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Medical Negligence June 15, 2006

Posted by fukumimi in crime, Japan, law, Uncategorized.

Three doctors who were working at the Jikei University School of Medicine's Aoto Hospital, Taro Hasegawa, 37, Jun Madarame, 40, and Shigetaka Maeda, 35 have all been found guilty of professional negligence resulting in death, in the case of the death of a 60 year old man who underwent an operation at the hospital.

Suspended sentences of 24 to 30 months were handed down citing that other members of the hospital were complicit in the patient's death.

It is shocking that the Ministry of Health, Labour and Welfare sanction for Hasegawa and Madarame was just a 2 year suspension of their license (imposed in Mar 2004, so theoretically they could be practicing already). Both were fired by the hospital. Maeda got a 10 day suspension from the hospital, theMinistry of Health, Labour and Welfare has not imposed any sanction on him.

The doctors, or, indeed the hospital, had absolutely no experience in laparoscopic surgery which was attempted on the victim.

There was an attempted cover-up, and the hospital initially lied to the family of the victim.

These doctors who (tried to) put their own careers ahead of the welfare of the patient need to have their medical licenses revoked permanently.

Japanese doctors are well protected from legal claims, and the relevant ministry(the Ministry of Health, Labour and Welfare) and the Japan Medical Association (a strong political lobby looking out first and foremost for its members, Hippocratic oath be damned, apparently), are extremely lenient in their treatment of doctors who have committed serious (and often, multiple) cases of negligence. Hospitals have been known to organise cover-ups, and destroy or modify patient records.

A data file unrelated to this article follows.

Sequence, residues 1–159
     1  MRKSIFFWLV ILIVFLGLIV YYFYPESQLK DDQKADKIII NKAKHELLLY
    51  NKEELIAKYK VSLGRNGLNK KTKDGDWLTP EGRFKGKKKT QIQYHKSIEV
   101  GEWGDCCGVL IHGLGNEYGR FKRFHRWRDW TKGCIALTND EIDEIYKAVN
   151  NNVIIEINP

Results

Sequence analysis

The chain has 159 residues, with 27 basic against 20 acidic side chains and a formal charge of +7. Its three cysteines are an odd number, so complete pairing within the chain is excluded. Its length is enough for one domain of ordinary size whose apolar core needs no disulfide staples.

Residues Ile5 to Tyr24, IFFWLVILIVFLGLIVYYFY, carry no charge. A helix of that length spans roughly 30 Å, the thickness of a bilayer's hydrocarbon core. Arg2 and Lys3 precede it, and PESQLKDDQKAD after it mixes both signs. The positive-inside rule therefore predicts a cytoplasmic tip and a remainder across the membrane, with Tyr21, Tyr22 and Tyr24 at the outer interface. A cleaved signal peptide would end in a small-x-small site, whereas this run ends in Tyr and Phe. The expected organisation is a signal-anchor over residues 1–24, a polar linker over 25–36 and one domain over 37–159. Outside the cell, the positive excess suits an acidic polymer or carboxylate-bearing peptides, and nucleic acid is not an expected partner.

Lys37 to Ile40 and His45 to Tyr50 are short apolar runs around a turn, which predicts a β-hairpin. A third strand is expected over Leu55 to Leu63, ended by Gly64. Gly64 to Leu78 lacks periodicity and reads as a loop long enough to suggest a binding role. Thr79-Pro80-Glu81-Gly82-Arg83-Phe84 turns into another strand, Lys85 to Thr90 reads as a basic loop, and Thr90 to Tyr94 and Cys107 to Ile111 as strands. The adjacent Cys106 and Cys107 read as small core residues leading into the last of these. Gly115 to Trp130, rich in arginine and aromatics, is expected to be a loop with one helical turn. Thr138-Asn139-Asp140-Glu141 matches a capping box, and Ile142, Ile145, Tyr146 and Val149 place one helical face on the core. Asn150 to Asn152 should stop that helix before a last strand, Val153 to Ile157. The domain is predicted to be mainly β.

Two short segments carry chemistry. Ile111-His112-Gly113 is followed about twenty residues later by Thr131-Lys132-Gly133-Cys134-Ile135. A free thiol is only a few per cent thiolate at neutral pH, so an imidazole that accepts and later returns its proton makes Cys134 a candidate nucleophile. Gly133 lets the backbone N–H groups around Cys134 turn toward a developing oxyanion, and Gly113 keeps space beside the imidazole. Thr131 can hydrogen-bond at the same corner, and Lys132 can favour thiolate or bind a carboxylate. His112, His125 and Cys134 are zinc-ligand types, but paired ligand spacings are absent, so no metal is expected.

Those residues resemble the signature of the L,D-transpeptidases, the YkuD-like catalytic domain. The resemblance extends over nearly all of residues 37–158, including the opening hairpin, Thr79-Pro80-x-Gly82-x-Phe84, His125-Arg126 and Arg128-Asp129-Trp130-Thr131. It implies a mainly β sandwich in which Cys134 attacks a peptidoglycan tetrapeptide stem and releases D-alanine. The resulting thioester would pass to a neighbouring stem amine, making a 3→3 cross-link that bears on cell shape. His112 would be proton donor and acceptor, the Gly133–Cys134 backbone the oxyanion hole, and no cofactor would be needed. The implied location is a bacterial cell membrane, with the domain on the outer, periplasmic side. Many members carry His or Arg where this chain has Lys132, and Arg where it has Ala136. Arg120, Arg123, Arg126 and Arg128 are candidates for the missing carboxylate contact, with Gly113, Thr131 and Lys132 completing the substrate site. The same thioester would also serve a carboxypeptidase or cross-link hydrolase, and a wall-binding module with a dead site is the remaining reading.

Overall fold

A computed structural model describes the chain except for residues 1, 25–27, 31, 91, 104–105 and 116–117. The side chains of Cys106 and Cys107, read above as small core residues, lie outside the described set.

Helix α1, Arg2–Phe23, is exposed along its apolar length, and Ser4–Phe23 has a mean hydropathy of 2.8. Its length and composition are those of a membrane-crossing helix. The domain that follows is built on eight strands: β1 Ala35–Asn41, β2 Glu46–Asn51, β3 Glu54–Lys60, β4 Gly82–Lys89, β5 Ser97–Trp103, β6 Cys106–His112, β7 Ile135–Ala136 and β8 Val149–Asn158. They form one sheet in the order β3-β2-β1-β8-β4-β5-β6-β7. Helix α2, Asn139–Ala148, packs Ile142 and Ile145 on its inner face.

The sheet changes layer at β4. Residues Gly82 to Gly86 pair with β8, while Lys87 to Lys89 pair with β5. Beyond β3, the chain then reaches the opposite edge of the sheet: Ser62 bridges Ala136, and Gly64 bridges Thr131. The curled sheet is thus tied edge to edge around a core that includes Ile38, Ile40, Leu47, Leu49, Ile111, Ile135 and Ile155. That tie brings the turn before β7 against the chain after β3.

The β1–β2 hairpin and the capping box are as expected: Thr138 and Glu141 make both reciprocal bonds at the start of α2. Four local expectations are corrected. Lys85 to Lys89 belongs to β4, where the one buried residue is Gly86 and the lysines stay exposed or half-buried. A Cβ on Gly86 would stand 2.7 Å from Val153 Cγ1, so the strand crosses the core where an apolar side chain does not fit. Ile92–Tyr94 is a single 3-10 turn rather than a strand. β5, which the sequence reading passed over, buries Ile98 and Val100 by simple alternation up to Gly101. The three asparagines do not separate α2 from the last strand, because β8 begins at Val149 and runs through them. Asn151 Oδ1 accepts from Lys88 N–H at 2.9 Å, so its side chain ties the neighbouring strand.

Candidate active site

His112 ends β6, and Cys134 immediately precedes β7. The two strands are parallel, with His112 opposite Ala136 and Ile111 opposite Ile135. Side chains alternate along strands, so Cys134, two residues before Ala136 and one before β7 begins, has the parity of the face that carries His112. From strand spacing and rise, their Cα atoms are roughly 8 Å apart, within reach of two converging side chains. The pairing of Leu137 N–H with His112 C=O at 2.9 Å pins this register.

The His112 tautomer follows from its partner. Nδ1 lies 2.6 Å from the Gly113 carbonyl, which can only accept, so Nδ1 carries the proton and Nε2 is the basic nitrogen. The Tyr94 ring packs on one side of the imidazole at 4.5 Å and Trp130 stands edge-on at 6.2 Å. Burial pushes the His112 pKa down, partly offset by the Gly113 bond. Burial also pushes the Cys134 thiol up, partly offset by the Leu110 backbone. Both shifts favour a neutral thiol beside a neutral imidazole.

Japanese doctors (especially surgeons and senior administrators) often get cash gifts from their patients or their families, money which is not usually declared. It is partly the fault of patients who allow this scheme to be perpetuated.

The Japanese medical system and its legal oversight is in need of a major overhaul.

We need to out doctors who are unfit for the job, and drive them out of the profession. We also need to keep an eye out for doctors such as those involved in this case, and make sure they never get the chance to kill again. The Ministry of Health, Labour and Welfare and the JMA need to realise that the Japanese public will no longer accept preferential treatment for doctors.

Doctors are no longer untouchable. Same goes for the other professions which were traditionally granted its members automatic social standing and respect from the community.

So many cases of doctors, teachers, politicians (what do these professions have in common? they were and still are addressed using the honorific "sensei") commiting professional misconduct or engaging in activities which are incompatible with the moral integrity required of these professions…..



1. Chris_B - June 29, 2006

As I recall no doctors have ever lost their license here for malpractice. The perfect record stands unchallenged.

2. fukumimi - June 29, 2006